[Show abstract][Hide abstract] ABSTRACT: Background Proteins in the BCL-2 family are key regulators of apoptosis, or programmed cell death. Navitoclax, a selective inhibitor of both BCL-2 and BCL-X(L) demonstrated efficacy in the IFN-α induced lupus model in NZB/WF1 mice suggesting that dysregulation of this pathway is operative in lupus disease. However, thrombocytopenia caused by BCL-X(L) inhibition limits the chronic use of this therapeutic agent. We have conducted studies to evaluate a highly potent and orally available BCL-2-selective inhibitor, Venetoclax (ABT-199), for efficacy and mechanism of action in lupus prone NZB/WF1 mouse model.
Objectives To determine the efficacy of Venetoclax and the effect on immune cell subsets in lupus prone NZB/WF1 mice.
Methods NZB/WF1 mice were treated daily for 24 weeks with vehicle or Venetoclax. Proteinuria and survival data are presented as Kaplan-Meyer survival curves. Changes in blood lymphocytes and platelets were assessed by Celldyn blood analyzer. IgG deposition and changes in leukocyte subsets in the kidney were evaluated by immunohistochemistry. Circulating anti-dsDNA antibody levels were determined using a semi-quantitative ELISA assay. In a separate study NZB/WF1 mice were treated daily with vehicle or Venetoclax at 30mg/kg for 16 weeks, leukocyte subsets in spleen, kidney and bone marrow were analyzed by flow cytometry
Results Venetoclax dose-dependently reduced the incidence of severe proteinuria compared to vehicle control and conferred 100% survival at the higher doses in NZB/W F1 lupus mice. Venetoclax attenuated glomerulonephritis, tubular dilatation and IgG deposition in the kidney as well as reductions in numbers of B220+, CD3+, F4/80+ and CD138+ cells compared with vehicle-treated mice. Consistent with its BCL-2 selectivity profile, Venetoclax efficacy in NZB/WF1 mice correlated with a dose-dependent reduction of lymphocytes in peripheral blood (45% reduction for ABT-199 11mg/kg vs. vehicle; 70% reduction for ABT-199 100 mg/kg vs. vehicle) with no effect on platelet numbers. Venetoclax also demonstrated a significant reduction in the numbers of splenic T cells (CD4+, CD8+), B cells (transitional 2, germinal center, and mature). Interestingly, other B cell subsets (transitional 1, marginal zone, and B1) were largely unaltered. Venetoclax did not impair early B cell development or the number of CD138+ long-lived plasma cells in the bone marrow. These data were consistent with the unaltered anti-dsDNA titers in these animals.
Conclusions Treatment of lupus prone NZBW/F1 mice with Venetoclax resulted in preservation of renal function and complete protection against severe proteinuria and mortality. Venetoclax treatment resulted in lymphopenia and a reduction of cell infiltration into the kidney while sparing circulating platelets. Splenic marginal zone B cells, the first line of defense against blood-borne pathogens, were resistant to Venetoclax. Taken together, these data underscore the essential role of BCL-2 in the pathogenesis of lupus and support a role for BCL-2 selective inhibition in the treatment of autoimmunity.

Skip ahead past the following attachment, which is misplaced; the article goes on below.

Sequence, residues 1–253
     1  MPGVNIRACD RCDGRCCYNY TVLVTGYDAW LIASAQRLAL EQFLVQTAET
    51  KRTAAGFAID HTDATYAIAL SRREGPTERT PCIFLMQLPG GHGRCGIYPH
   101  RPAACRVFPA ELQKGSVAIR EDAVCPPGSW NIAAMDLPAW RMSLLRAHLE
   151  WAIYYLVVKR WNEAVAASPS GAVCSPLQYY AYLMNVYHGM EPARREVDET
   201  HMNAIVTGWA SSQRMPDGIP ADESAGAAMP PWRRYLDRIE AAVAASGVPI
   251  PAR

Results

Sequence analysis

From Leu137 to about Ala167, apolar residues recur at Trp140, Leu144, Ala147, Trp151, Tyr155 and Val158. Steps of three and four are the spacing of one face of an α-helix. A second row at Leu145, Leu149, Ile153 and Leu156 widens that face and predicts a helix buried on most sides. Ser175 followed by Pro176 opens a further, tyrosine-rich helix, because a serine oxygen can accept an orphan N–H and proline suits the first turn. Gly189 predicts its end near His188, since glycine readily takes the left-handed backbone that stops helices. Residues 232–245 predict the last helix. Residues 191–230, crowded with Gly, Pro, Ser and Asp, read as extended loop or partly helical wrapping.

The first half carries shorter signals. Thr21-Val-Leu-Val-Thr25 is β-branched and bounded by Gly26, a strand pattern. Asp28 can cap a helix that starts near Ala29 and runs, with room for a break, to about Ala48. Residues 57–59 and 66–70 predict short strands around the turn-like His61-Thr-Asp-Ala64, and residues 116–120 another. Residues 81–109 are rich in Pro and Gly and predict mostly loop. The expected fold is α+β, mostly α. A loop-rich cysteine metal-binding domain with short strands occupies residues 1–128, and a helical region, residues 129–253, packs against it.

Disclosure of Interest L. C. Wang Shareholder of: Abbvie, S. Perper Shareholder of: Abbvie, A. Schwartz Shareholder of: Abbvie, C. Goess Shareholder of: Abbvie, L. O'Connor Shareholder of: Abbvie, D. Hartman Shareholder of: Abbvie, C. Graff Shareholder of: Abbvie, A. Souers Shareholder of: Abbvie, J. Leverson Shareholder of: Abbvie, S. Elmore Shareholder of: Abbvie, L. Olson Shareholder of: Abbvie
No preview · Article · Jun 2015 · Annals of the Rheumatic Diseases
[Show abstract][Hide abstract] ABSTRACT: Background Lupus nephritis (LuN) is the most common, severe manifestation of systemic lupus erythematosus (SLE). We have previously shown that glomerulonephritis appears to be a manifestation of systemic autoimmunity while tubulointerstitial inflammation (TII) is associated with additional, in situ adaptive immune cell networks that might amplify local inflammation and tissue damage. Furthermore, patients with significant TII are more likely to fail conventional therapy and progress to renal failure. Therefore, understanding the mechanisms of in situ adaptive immunity in lupus TII might provide new therapeutic opportunities for treating LuN. In mice, BCL-2 family proteins are key regulators of immune cell apoptosis and forced expression of BCL-2 in B cells promotes a lupus-like nephritis. We hypothesized that dysregulated expression of the BCL-2 family proteins in human LuN TII might contribute to local adaptive immunity, inflammation and disease pathogenesis.
Objectives To determine the expression of BCL2 family proteins in human LuN TII.
Methods Frozen renal biopsy specimens from 26 patients with SLE (ISN/RPS Class III, IV or V LuN), 10 mixed cellular renal allograft rejection (MR) biopsy specimens and tonsil samples from healthy subjects were stained with antibodies specific for CD20, CD4, BCL-2, MCL-1 or BIM. Images were acquired using scanning laser confocal microscopy. IFNa-induced NZB/W F1 mice were treated daily with vehicle or 30 mg/kg of Venetoclax (ABT-199), a BCL-2 selective inhibitor, and analyzed for survival and the development of proteinuria.